Some Useful info for someone shopping for a cheap turntable
Most people I know when shopping for a turntable, care more about sound than how it looks. I don’t think I ever cared whether the colors or style matched a room, as all of my turntables were black and pretty neutral anyway.
There are many affordable record players available for all types of room decor. Everything from 50’s and 60’s era styles to earlier 19th Century phonograph designs.
If optimal audiophile sound quality is your main concern, you do need to be realistic about these new vintage looking units. They are not going to give you sound quality on the level of a $500 turntable would…
You could try an authentic retro turntable too, but it will cost a mint.
You might be buying cute over sound quality:
Most of these turntables shouldn’t be considered an audiophile’s dream. If you are expecting the booming bottom end, and a crystal clear sound stage, you will be sorely mistaken. Brands like Electrohome do offer better sound quality for a reasonable hike in price. Those still aren’t close to being audiophile.
Being able to play many forms of media is very cool too: Cassettes, LP’s, and 45’s, as well as Compact Discs. Many have a jack to plug your mp3 player in and listen to that music too if you want. Not to mention AM FM radios can also be found built right in for a multiple
Crosley is the perfect first record player for a kid or even an adult who only has a passing interest in vinyl. You should realize that these units have a basic entry-level stylus, but usually have eye-catching designs that will compliment almost any style of room.
If you understand you get what you pay when it comes to sound quality I think you could have a use for these very affordable record players, you can check out a big list of them right here.
Make sure you consider an extended protection plan which I cover below, those now have more coverage at a better rate than they did years ago.
Maybe an actual “vintage” turntable is what you are looking for?
Many of these have surprisingly good sound quality too
There are lots of places you can find vintage record players. eBay is probably the best way to find a deal. If you are careful to make sure that the seller is reputable, you can get a great sounding vintage record player.
Sony, Pioneer, and JVC are name brands that seem to show up the most at reasonable prices. One thing to understand though:
You probably will need to make a second purchase of a phono amp to give the turntable the boost it needs for quality sound. These new “retro” record players are usually equipped with built-in phono amps and can be plugged directly into the auxiliary jack on your receiver.
All in one entertainment units with a turntable
Cassette, CD, LP, MP3, and AM FM Radio
There are many fine record players out there that offer everything. Cassette CD, LP, MP3, and eve AM FM radio if you want.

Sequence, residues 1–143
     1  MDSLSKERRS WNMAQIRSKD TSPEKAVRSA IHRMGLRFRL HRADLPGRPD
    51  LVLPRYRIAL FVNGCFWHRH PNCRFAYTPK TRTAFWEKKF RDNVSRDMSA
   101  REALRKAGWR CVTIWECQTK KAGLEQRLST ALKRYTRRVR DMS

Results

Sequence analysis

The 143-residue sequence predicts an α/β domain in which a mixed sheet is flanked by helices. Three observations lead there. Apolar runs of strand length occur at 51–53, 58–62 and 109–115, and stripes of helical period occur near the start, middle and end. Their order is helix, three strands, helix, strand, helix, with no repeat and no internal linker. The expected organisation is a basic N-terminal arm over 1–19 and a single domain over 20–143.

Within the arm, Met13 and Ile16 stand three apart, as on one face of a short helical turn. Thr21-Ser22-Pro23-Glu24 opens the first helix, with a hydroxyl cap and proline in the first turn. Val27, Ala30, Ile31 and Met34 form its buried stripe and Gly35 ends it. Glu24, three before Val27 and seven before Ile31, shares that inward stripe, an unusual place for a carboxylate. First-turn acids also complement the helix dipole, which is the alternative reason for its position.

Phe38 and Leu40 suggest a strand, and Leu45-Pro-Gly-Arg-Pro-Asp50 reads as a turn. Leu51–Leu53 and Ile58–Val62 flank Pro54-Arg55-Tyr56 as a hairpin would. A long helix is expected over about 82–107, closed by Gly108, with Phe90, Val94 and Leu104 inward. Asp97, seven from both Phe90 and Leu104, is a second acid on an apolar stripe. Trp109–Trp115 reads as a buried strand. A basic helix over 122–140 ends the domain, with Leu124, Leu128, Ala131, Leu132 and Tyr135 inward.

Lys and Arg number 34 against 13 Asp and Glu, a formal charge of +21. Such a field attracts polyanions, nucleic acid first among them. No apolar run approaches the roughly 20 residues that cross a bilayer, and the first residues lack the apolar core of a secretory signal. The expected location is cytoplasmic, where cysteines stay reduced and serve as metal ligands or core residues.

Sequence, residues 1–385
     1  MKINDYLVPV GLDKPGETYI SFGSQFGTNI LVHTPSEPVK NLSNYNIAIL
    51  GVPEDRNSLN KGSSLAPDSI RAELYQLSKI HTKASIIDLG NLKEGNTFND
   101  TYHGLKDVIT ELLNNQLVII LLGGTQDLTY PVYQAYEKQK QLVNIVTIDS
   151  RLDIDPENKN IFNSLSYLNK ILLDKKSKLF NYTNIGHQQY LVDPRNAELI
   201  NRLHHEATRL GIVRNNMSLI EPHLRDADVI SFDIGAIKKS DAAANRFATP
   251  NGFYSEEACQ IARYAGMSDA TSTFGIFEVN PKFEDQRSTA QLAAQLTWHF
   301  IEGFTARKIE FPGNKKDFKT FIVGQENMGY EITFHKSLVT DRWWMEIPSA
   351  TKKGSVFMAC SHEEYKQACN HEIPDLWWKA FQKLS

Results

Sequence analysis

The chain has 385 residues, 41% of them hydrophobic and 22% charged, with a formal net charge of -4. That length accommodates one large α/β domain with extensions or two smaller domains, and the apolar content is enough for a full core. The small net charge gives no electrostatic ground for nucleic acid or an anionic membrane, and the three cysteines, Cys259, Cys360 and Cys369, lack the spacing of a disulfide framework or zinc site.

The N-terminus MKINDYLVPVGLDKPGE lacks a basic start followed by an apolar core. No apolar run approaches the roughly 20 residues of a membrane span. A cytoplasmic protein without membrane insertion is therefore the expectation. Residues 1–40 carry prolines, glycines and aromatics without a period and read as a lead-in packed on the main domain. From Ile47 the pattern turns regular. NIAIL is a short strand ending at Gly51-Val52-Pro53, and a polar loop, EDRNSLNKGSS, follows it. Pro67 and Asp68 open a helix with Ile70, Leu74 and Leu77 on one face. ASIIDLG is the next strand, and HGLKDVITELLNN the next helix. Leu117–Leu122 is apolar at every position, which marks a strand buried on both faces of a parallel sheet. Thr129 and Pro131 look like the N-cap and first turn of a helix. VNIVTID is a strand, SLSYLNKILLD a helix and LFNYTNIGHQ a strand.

Cassettes are usually dirt cheap at place like Goodwill or the Salvation Army thrift store. LP’s might be a little more expensive as some thrift stores, as many are trying to jack up the price to take advantage of the popularity of vinyl now.
I think .50 cents for a cassette and 1.00 for an LP is reasonable for a vintage item like that. I have noticed one thrift store here in the Dayton Ohio area raise prices to 2.00 a record, that’s a bit out of my range.
These all in one record players do seem to have decent sound for the most part, some models are better than others, like the Teac LPR550. The Teac is on the high-end of quality and price.
If room decor is a major consideration
While these all in one record players and retro-themed turntables are geared more to the people who are concerned most with the next cool thing, perhaps the decorative nature comes first; many times they can still serve as a very good first record player.
You can upgrade to an affordable audiophile set up down the road if you want. Yes, audiophiles and seasoned crate-diggers will roll their eyes and scream in your face about plastic parts and ceramic needles.
As long as you know what you want, and the reason you want it, go for it.
There are people out there, they usually hide behind avatars, that will scoff at any turntable that you haven’t paid a thousand dollars for, but who cares about them right?
Don’t be intimidated by those detractors, if the hobby is going to thrive we need to foster positive feelings for it, and have a welcoming attitude. I say welcome to the record playing/collecting community, you have to start somewhere. It might as well be with one of these affordable options.
Needles tend to wear out quicker on these cheaper units as well, perhaps buying replacements upfront, which are very cheap is a good idea? If you aren’t going to be a heavy user, “daily”, this shouldn’t be a major issue.
The 3 times I have purchased a Square Trade Protection plan I did not have to use it, so I can’t relay my personal experience with getting something replaced or serviced.
Read the reviews over on Amazon and decide for yourself.
*Photos used with permission via Amazon.com*
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Jason Sositko, a freelance writer and entrepreneur is a participant in the Amazon Services LLC Associates Program, an affiliate advertising program designed to provide a means for sites to earn advertising fees by advertising and linking to Amazon.com. I also use services such as Viglink and Skimlinks to earn income via links placed inside articles.